Shaun had been having 100 ml per feed at six feeds per day, so we cut back to 50 ml per bottle and twelve feeds per day. as you can imagine this took up a lot of time and energy. Shaun stopped having discomfort after every feed though, so it was worth it. After five feeds with fish oil in them he still had not produced any poop, but was happy and bright. After the sixth feed of oil I was thinking that an actual visit to the vet was in order (on a Sunday of course) when there was a surprised little bleat from the basket beside me and an all pervading smell of fish. I looked down to discover that Shaun had produced a LOT of poop in the dog bed he has claimed for himself. We cleaned him up and gathered washing (every old towel I own is in a nappy soaker as I type) only to discover that he had more to give. This continued for several hours and he refused two bottles during that time, but when things calmed down he was back to his old self and feeding well again.

This morning he is back to 100 ml feeds and no reaction so far. I don't know if he had a blockage or if the milk was too strong, too fast for him, but that was a frightening reminder of how delicate babies are. I will be treating his digestion much more carefully in future.

Sunday, 2 August 2015

Up-cycled wardrobe project - simple pants from quilt covers

With all the excitement about having a new baby in the house (see my last post about Shaun the sheep) I have been fairly busy and unable to get much crafting  (or anything else) done. This week I finally got to making myself some new pants. I have been making pyjama pants out of old flannelette sheets for some time using a pattern I made from an old pair of pants (see my post about it here), however this pattern is a little short in the back and results in me showing some bottom cleavage when I sit down or bend over, so I thought it was time to upgrade my pattern.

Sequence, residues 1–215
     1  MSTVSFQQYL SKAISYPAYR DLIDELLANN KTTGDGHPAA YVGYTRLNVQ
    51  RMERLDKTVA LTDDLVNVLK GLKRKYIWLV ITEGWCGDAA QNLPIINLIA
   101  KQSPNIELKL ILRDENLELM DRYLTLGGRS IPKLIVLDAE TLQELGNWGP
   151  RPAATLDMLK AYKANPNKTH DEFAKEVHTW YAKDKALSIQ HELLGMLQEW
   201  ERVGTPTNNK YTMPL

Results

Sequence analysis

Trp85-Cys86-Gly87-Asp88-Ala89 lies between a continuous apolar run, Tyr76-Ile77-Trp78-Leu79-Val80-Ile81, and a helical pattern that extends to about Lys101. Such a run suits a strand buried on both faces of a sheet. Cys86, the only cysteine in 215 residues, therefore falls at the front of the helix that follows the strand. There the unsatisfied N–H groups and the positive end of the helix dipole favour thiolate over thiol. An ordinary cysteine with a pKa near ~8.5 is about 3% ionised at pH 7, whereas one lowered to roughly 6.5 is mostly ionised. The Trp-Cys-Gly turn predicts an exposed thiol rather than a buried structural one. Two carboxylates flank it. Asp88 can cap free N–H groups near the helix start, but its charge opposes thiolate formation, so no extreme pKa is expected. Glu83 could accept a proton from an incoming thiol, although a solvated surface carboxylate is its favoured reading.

After a lot of diverting searching on the internet for free patterns I came across this one from Laura Marsh Sewing Patterns which I downloaded, saved and printed out. The pattern pages were glued together in order, which was a bit like putting a jigsaw together. Then I went looking for some fabric to try the pattern out on.

 In my box of useful bits of fabric I found a Bratz quilt cover, given to me by a friend wrapped around a joey that had been rescued from her mother's pouch after a traffic accident. I washed the cover, liked the colour and pattern (if not the theme) and decided to put it away for future use. I also found an old single flannelette sheet to try the pattern out on before cutting up the pretty fabric.

The pattern sheets all glued together.
The pattern pieces all cut out and ready to go.

Shaun helping out with the process.
 I cut out the flannelette pair and sewed them up as per instructed. The next step is (of course) beta testing, so I wore them around for the afternoon, feeding chooks, chasing sheep, feeding Shaun and sitting in my chair knitting. They are comfortable and warm, best of all they don't expose my bottom to the world at all. I'm really pleased with this new pattern so I think I'll keep it for future pants making activities.

Prudence gets to work.

What a stunning piece of machinery she is.

The first pair is made.

Now on to the day-wear version...

The infamous Bratz quilt cover. The cotton is good quality though and I love the colours and pattern.

I just followed the instructions on the download and before I knew it I had a new pair of pants.

Yes, I know.....I hate modelling, but I am so proud of this project I thought I'd make an exception.

There is enough material left from this quilt to make a summer top or two and a bra. I just love up-cycle sewing.